As much as most of us hate the long drive to the office, or perhaps having our face buried in someone’s armpit on the Tube, there is something to be said for your commute being good for your work-life balance.
It punctuates our working day and gives us time to decompress and separate our working life from everything else. If you are struggling to get into the right frame of mind to start work, or even if you’re struggling to switch off at the end of the day, try a fake commute.
It can be as simple as walking out your door and around the block at the start and end of the day to create the punctuation, space, and definition you need.
Now, I’m not asking you to participate in yet another Zoom pub quiz, but socialising is good for your mental health. Whether that’s a video call, a phone call, a distanced walk with friends, or a proper night out. Social engagement has been found to help with physical wellbeing, too, by strengthening your immune system.
8. Embrace the abnormal
No one could have predicted that we would have been in this situation a few years ago. View it as a gift. Not having to commute means we are bound less and less by time frames. So you can make your day work for you.
Are you a morning person? Great! Use it to your advantage. Make your morning a special time when you can get the most important things done to set you up for the day, whether that’s a little bit of time with the kids, perhaps a workout, time spent on a hobby, or maybe even working (if that’s your fancy!)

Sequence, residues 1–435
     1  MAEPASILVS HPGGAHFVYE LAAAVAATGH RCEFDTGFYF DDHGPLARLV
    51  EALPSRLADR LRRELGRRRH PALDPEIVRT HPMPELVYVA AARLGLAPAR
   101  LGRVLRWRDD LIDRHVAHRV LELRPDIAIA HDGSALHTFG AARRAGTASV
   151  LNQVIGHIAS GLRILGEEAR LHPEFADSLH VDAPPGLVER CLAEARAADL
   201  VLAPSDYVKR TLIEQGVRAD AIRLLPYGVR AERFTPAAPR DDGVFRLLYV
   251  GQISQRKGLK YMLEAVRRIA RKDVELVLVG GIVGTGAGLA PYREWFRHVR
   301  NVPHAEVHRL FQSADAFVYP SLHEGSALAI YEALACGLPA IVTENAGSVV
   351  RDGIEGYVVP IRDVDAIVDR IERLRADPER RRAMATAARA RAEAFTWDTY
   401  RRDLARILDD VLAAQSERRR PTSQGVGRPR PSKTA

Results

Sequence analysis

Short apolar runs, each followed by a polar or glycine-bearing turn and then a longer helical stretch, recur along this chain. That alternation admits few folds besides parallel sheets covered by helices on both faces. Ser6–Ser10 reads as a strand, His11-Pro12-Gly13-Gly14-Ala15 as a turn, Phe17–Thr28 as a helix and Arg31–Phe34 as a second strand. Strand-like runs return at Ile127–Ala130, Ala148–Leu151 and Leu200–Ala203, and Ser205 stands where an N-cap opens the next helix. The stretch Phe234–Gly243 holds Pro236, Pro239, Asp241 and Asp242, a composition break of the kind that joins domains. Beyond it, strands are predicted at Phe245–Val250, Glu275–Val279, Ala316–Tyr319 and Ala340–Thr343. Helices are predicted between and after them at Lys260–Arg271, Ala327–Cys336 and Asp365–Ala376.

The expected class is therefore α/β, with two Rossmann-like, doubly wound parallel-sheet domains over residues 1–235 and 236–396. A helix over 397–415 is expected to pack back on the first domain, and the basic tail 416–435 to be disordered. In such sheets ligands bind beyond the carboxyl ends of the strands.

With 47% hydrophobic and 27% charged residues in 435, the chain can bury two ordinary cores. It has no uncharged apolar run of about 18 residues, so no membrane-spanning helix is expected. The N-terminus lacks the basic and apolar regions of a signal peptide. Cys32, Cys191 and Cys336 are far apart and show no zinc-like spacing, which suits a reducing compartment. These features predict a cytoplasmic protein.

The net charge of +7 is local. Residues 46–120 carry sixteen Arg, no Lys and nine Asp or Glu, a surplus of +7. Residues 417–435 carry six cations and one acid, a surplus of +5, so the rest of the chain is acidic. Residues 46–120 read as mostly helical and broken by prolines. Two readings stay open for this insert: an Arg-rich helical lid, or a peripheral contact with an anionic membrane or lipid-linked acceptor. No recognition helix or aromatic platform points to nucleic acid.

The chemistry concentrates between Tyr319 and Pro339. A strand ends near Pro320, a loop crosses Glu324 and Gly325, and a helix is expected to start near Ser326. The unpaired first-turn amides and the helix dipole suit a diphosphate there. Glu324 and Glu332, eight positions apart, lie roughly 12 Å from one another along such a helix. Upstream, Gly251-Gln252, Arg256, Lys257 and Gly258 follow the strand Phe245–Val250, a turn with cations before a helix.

Same with your evenings. If that’s when you’re firing on all cylinders, then maybe use the start of your day for meetings and admin and the end of the day for focused tasks or the hobbies you want to give extra attention to.
9. Saved by the bell
Just because we now have greater flexibility doesn’t mean we should be working 24/7. Make your day work for you, but give yourself a ‘home time’ when you stop work, turn off your emails, get away from your desk and go and do anything but work.
10. It’s up to you
What a healthy work-life balance looks like can only be determined by you. What works well for one individual won’t necessarily work for another.
There are only so many hours in the day, and we all have different things that we need to be present for outside of our working life. Make your day work for you.